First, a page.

Even as much of Oregon has barely begun the recovery process from last year’s catastrophic wildfires, this year’s fire season has gotten off to an early and ominous start. The Pomina fire in drought-stricken Klamath County — started in mid-April — is yet another sign that wildfires all across the West are starting earlier, burning hotter across larger areas, and burning later into the year than ever before. As of writing this post, according to the Oregon Department of Forestry, 350 individual fires have already sparked across our state.
In a recent Instagram post, Oregon Senator Ron Wyden wrote, “This fire season has the potential to be the most devastating in our nation’s history. The climate crisis is here, and we’re living it.” The threats are so severe that Senator Wyden and fellow Oregon Senator Jeff Merkley have already sent a letter to federal agencies pressing them to “ensure our state has the resources it needs to fight these fires and keep communities safe.”
Rivers Need Your Voice
Thankfully, Oregon’s senators have already been at work crafting legislation to bolster wildland firefighting and resources. In February, Senators Wyden and Merkley introduced federal legislation — the River Democracy Act — that will more than triple Oregon’s Wild and Scenic river miles and in doing so also strengthen wildfire preparedness statewide. On June 23, the U.S. Senate Committee on Energy and Natural Resources held a hearing on the bill, moving it one step closer to protecting more than 4,600 miles of Wild and Scenic rivers in Oregon.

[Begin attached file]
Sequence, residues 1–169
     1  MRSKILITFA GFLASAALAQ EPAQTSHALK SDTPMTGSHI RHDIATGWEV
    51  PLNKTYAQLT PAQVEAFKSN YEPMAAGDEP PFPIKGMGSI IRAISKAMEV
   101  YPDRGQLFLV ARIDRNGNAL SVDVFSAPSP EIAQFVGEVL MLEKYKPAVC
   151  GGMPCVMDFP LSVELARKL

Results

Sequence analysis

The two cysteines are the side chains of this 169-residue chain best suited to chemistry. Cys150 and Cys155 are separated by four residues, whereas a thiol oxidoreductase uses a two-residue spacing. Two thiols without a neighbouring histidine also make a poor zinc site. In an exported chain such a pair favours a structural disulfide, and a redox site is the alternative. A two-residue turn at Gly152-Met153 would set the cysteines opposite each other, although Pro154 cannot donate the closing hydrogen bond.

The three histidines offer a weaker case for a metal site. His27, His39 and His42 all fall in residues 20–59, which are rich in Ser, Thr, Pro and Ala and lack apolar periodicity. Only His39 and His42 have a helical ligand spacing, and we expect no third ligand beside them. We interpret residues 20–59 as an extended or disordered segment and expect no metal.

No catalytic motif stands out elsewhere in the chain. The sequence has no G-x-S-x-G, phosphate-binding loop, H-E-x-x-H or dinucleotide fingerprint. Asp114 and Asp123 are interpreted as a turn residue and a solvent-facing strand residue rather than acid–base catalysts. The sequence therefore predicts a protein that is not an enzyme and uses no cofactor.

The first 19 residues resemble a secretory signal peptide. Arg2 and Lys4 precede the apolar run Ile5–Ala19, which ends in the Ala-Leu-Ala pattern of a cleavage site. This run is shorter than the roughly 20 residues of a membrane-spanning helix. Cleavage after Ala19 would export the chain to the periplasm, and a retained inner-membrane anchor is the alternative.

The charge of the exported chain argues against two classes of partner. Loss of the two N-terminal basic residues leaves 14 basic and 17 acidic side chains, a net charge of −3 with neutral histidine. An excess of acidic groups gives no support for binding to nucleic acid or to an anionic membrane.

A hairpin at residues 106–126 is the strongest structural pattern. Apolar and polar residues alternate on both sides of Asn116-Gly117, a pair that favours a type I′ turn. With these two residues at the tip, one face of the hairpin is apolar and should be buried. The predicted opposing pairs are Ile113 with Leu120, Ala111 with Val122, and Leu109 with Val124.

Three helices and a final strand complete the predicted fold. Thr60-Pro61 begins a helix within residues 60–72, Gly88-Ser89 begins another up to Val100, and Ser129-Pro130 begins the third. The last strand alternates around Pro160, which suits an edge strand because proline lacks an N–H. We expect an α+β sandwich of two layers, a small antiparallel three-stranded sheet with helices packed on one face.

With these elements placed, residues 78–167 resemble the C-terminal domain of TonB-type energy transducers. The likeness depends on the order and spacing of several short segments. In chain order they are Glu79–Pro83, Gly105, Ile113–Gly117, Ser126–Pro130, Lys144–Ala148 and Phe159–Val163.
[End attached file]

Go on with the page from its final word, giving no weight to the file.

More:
The River Democracy Act provides for stronger wildfire risk assessment and planning for homes and businesses near Wild and Scenic rivers, greater inter-agency coordination in fighting wildfire including with Native American Tribes, and more federal resources to repair wildfire damage to infrastructure, drinking water quality, and watersheds. The bill also provides $30,000,000 annually for Wild and Scenic Rivers that provide drinking water for downstream communities or those that have been degraded by catastrophic wildfire.
Most of us associate Wild and Scenic River designations with protecting the natural, recreational, cultural and ecological values of these waters — and we should. We should also understand the critical importance of national Wild and Scenic River designations as a tool to help us prepare and protect against an ever-increasing combined threat from catastrophic wildfire, warming climate, drought cycles and more people in harm’s way. Healthy, resilient rivers lead to healthy, resilient communities — and the importance of these life-giving rivers only becomes more vital in the face of climate change and fire seasons like the one we’re looking at this year.
But you don’t have to take my word for it. Over the next several weeks, we’ll be sharing guest posts from people who have been — and still are — on the front lines.
Stay tuned and stay safe.